Tag Archives: New commandment

What is new about the new commandment?

May 16, 2019

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At the Last Supper Jesus told his disciples, “I give you a new commandment: love one another” (Jn 13:34a). Jesus said that his commandment was “new.” What is new about it?

A New Commandment Giver. Previously in the Old Testament, the person who gave the commandments was Moses who spoke on behalf of God. This commandment was new because it was given by Jesus, the Son of God, who did not speak on his own, but said all that the Father commanded him to say and speak (Jn 12:49).

New CommandmentA New Single Commandment. Previously there were Ten Commandments (Ex 20:1-17; Dt 5:6-21), as well as the Mosaic Law with its 613 precepts, the Law of Ezra, and the Oral Law. The new commandment simplified and consolidated hundreds of commandments into a single commandment. As St. Paul stated, “The one who loves another has fulfilled the law” (Rom 13:8), and, “Love is the fulfillment of the law” (Rom 13:10).

A New Exemplar. Jesus taught, “As I have loved you, so you should love one another” (Jn 13:34b). Jesus demonstrated an entirely new kind of love, a self-giving, self-sacrificing kind of love, love without strings attached, a love with no expectation of repayment (see Lk 14:12). Jesus explained, “No one has greater love than this, to lay down one’s life for one’s friends” (Jn 15:13). Jesus emptied himself for the sake of all (Phil 2:7). Jesus laid down his life freely for others (see Jn 10:18).

A New Pathway to God. Previously it was thought that a person loved God by going directly to God, and that the relationship was strictly vertical, from an individual person below to God above. Jesus broached a new paradigm: a person loves God by loving one’s neighbor, a horizontal relationship: a person goes to God through one’s neighbor. Jesus equated love of God with love of neighbor. It is the second half of the Great Commandment (see Mt 22:39;.Mk 12:31; Lk10:27). As John observed, “How can you love God, whom you do not see, if you do not love your neighbor whom you do see?” (paraphrase, 1 Jn 4:20,21).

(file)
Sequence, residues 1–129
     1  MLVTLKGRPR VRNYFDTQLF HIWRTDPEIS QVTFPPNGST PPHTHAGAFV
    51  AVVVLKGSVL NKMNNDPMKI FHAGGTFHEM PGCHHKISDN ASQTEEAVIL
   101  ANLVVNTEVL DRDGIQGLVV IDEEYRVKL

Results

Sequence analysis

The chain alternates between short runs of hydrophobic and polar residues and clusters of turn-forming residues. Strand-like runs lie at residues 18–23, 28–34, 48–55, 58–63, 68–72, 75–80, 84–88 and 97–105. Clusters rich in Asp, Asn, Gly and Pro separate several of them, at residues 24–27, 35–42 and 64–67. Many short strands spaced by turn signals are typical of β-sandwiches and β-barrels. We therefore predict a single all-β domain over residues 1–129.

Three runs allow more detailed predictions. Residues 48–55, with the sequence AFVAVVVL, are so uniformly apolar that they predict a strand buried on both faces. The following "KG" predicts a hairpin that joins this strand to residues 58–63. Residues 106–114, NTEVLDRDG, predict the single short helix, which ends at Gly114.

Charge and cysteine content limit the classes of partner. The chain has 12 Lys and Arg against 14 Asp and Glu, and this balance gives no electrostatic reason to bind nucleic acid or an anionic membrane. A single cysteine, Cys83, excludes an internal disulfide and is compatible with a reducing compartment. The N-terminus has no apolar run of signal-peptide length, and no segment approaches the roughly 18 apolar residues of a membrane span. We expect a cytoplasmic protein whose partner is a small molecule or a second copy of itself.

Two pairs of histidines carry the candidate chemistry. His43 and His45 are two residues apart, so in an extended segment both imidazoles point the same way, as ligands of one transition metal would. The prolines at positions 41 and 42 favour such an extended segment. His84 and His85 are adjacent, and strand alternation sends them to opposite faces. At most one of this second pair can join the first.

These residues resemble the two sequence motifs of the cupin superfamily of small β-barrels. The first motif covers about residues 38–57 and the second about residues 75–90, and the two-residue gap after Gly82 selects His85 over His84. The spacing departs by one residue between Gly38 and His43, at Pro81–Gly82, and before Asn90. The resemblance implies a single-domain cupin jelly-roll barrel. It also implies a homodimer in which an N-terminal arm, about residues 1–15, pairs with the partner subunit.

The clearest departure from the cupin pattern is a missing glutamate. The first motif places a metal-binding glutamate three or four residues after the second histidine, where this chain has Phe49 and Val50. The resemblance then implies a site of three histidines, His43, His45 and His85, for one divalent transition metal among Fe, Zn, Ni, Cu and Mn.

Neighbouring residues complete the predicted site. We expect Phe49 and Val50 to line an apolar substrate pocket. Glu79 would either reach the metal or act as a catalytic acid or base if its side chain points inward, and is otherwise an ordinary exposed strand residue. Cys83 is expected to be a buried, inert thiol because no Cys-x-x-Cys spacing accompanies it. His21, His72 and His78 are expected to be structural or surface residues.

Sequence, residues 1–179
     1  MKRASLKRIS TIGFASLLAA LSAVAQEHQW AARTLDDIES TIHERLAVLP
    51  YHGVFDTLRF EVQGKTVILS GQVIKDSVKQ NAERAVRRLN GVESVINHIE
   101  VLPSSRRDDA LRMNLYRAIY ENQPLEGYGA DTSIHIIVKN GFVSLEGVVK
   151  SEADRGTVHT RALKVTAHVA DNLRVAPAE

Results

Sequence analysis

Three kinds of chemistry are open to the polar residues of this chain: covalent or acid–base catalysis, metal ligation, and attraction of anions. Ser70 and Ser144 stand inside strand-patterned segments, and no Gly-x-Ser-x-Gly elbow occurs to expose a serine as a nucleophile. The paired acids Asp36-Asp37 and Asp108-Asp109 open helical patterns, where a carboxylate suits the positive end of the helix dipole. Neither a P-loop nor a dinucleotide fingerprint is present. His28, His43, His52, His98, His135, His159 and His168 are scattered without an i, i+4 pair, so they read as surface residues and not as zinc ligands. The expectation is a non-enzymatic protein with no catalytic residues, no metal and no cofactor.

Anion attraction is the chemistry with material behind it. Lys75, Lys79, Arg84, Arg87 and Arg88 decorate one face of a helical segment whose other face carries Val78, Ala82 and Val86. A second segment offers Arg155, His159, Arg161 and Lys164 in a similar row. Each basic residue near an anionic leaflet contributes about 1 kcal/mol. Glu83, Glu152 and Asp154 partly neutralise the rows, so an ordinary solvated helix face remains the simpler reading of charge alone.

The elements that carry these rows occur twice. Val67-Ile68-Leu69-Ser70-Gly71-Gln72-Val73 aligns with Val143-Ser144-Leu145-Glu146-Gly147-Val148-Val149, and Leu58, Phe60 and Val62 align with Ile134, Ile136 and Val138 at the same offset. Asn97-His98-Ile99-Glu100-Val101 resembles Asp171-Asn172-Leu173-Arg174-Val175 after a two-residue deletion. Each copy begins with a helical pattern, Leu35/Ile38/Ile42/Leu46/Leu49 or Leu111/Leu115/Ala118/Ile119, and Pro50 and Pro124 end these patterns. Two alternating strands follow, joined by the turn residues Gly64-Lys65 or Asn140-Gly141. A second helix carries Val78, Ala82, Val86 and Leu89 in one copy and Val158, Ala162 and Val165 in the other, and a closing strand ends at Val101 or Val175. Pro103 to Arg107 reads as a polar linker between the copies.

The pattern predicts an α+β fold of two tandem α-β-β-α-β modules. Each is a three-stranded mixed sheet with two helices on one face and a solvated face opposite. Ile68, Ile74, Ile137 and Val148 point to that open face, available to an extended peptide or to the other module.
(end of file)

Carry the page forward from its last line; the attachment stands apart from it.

A New Idealism. Previously the commandments gave a list of dos and don’ts, what a person should do and not do, a well-defined legal code, the minimum standards for the spiritual life. The commandment to love others is new because it states an ideal, not compliance with a set of rules and regulations, but the best a person can do.

A New Broader Focus. Previously a person was expected to love one’s family; fellow Jews; one’s next-door neighbors, one’s townsfolk; those of the same ethnic heritage; and the people who lived in one’s country, one’s fellow citizens, those of the same nationality. The new commandment dramatically expands the focus of those who should be loved. Jesus taught, “Love your enemy” (Mt 5:44). Disciples are to love foreigners, aliens, strangers, those of different faiths, different racial groups, different countries, as well as sinners. Disciples of Jesus are to love everyone.

A New Compassion. Previously a person who was offended by a sinner was required to forgive three times, and if the offender persisted in offensive and sinful behavior, forgiveness was no longer demanded. Jesus proposed a new standard, if your brother sins, forgive him, “seventy-seven times” (Mt 18:22), as many times as necessary. Jesus displayed this new compassionate love from the cross when he said to the worst of sinners, “Father, forgive them, they know not what they do” (Lk 23:34).

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